Building an Autonomous Vehicle Part 3: Connecting Your Autonomous Vehicle

by Justin De Castri | on | Permalink | Comments |  Share

In the first blog post in our autonomous vehicle series, you built your Donkey vehicle and deployed your pilot server onto an Amazon EC2 instance. In the second blog, you learned to drive the Donkey car, and the Donkey car learned to drive itself. In this blog post, we’ll cover the process of streaming telemetry from the Donkey vehicle into AWS. We’ll use the AWS IoT service because it provides a scalable, reliable, and feature-rich set of services for all kinds of connected devices, including our connected vehicles.

1) Build an Autonomous Vehicle on AWS and Race It at the re:Invent Robocar Rally
2) Build an Autonomous Vehicle Part 2: Driving Your Vehicle
3) Building an Autonomous Vehicle Part 3: Connecting Your Autonomous Vehicle
4) Building an Autonomous Vehicle Part 4: Using Behavioral Cloning with Apache MXNet for Your Self-Driving Car

AWS IoT setup

The autonomous car is going to generate a constant stream of telemetry while it is driving. When the vehicle is not driving, there is no telemetry to gather, so we don’t want to utilize any resources because it would be wasteful. In order to accommodate our workload, we are going to rely on serverless technologies to power our entire architecture. To start, we are going to use AWS IoT to design a fleet monitoring service. It can service any amount of vehicles using the same basic architecture. The following diagram illustrates the architecture for the fleet monitoring service.

The components of this solution are color-coded by logical functionality (and AWS services) to demonstrate how each component of the solution is secure, scalable, and entirely usage based. This kind of operational model lends itself to many business models and is useful for customers of all sizes. Whether it’s the weekend autonomous vehicle hobbyist who wants to track and compare lap times, or an automobile manufacturer that wants to develop their own connected vehicle platform, AWS IoT provides a secure, scalable, and usage-based cost structure.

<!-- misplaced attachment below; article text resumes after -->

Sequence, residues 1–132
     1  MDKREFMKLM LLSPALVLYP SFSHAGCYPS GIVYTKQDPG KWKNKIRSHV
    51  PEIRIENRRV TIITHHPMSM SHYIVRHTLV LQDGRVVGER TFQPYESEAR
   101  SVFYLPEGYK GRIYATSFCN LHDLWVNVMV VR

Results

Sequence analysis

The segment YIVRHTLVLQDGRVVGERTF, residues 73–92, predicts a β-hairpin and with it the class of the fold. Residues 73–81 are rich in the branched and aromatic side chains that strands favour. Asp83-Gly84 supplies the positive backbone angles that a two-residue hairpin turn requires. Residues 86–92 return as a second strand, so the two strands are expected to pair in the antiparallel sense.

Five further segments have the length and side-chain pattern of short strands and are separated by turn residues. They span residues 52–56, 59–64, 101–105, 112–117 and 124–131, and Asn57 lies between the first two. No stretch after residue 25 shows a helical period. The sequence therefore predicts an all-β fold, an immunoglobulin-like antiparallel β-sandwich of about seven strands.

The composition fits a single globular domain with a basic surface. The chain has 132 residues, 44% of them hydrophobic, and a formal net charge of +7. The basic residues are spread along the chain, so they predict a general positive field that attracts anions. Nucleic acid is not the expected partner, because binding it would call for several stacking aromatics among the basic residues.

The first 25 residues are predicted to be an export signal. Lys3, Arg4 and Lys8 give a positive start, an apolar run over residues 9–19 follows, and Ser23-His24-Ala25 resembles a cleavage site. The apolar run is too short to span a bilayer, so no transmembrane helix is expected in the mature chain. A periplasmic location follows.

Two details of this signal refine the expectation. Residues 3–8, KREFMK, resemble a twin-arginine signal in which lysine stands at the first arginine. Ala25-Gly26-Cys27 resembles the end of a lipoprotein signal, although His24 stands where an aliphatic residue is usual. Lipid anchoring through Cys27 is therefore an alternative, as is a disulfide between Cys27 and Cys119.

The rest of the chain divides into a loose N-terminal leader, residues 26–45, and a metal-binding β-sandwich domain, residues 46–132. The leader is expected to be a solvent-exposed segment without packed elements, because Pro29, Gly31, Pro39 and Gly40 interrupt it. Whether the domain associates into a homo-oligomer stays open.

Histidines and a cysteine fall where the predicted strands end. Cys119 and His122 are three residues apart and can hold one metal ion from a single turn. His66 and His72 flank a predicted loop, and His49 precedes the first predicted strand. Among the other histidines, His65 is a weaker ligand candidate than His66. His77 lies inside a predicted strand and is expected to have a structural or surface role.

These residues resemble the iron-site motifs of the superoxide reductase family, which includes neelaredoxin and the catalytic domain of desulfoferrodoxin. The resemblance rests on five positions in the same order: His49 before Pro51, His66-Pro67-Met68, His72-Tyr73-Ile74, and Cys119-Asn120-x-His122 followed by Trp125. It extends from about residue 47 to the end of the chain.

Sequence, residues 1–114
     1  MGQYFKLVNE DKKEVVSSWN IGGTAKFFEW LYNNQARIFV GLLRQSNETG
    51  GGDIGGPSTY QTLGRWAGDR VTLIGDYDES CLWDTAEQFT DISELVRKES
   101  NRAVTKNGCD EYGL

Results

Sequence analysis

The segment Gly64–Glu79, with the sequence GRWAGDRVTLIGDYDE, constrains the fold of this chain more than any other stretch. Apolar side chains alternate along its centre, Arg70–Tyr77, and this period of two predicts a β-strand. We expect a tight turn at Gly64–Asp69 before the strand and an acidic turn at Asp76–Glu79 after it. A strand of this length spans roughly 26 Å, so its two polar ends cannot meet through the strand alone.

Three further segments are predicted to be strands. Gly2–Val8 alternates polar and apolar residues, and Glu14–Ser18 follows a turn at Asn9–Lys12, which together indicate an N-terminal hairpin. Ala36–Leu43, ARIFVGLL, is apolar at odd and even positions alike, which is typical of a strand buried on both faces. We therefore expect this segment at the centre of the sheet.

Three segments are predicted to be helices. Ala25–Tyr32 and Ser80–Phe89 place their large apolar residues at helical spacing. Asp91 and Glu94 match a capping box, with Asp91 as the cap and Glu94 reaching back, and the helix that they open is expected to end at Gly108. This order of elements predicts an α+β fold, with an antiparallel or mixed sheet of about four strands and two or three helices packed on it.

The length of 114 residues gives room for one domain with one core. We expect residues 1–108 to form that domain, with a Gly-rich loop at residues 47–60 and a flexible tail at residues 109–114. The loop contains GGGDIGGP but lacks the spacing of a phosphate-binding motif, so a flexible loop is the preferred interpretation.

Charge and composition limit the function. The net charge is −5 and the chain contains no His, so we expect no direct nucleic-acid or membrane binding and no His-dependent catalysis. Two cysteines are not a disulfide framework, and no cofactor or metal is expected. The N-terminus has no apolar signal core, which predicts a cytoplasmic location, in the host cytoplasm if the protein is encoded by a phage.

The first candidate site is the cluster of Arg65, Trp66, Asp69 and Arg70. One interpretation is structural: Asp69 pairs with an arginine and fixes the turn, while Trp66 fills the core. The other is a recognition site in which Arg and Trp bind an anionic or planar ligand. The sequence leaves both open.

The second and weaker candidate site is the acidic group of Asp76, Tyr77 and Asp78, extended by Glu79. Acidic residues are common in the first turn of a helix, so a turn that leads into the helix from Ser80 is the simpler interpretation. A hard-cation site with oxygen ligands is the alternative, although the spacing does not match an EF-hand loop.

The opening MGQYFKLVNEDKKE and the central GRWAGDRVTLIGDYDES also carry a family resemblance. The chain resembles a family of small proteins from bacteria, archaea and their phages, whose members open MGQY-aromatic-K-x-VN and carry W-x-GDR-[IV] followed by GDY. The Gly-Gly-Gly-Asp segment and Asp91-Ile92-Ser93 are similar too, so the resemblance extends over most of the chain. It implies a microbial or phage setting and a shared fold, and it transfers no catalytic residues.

This solution begins with the Donkey car, which is shaded in green. Data then passes through the IoT service to the pink section which is for short term data storage in DynamoDB, and then to the blue section for longer term storage in S3. Additionally, data in an AWS IoT topic can also be queried in real-time, and as show below will be used to drive a dashboard.

The Donkey car is already internet-connected, which means that it is capable of streaming telemetry to a centralized location, in this case AWS IoT. To ensure the security of the telemetry, we’ll generate certificates from AWS IoT and deploy them to the Donkey vehicle. By using certificates, the Donkey car can securely communicate with AWS IoT using TLSv1.2 over MQTT. MQTT is an extremely lightweight protocol that deals well with low signal networks, so it can cope with connection reliability challenges.

The simplest way to handle security is to use the one-click certificate creation method. To do this, open the AWS IoT console. In the navigation pane at the left, choose Security. Next, choose the Create button.

Create a certificate

A certificate can be created using the AWS IoT console, the AWS IoT API, or as we did in our previous blog post, using the Amazon EC2 Systems Manager Run Command on Raspberry Pi to generate and deliver the certificates. By performing this process using EC2 Systems Manager, we don’t need to manually copy the certificates to the Raspberry Pi.

For the sake of simplicity, we’ll use the AWS IoT console to complete the process.

We’re going to create a new policy that will be used to grant our Donkey car specific permissions to AWS services. This allows us to set fine-grained vehicle-specific settings, such as which AWS IoT topics can be accessed, and which IoT actions can be taken.

Begin by opening your AWS Management Console. Go to the AWS IoT console and choose Security, then Policies. Then choose Create.

We’ll use this policy to allow all actions to be performed against the AWS IoT service because we don’t need to prevent the use of the full functionality of the service. This privilege includes: iot:Publish, iot:Subscribe, iot:Connect, iot: Receive, iot:UpdateThingShadow, iot:GetThingShadow, and  iot:DeleteThingShadow.

In addition to the certificate and the policy, the AWS IoT service needs to create a Thing that describes our Donkey car. To do this, in the navigation pane at the left, choose Things from Registry. Now choose Create, and provide your Thing with a name and click Create thing.

Now that the policy and thing are created, we can associate them with the certificate that we previously created. To do that, in the navigation pane on the left, choose Security, Certificates. Locate and then select the certificate that you created previously. From the Actions menu, choose Attach Policy. Then from the Actions menu, choose Attach Thing.

AWS IoT rules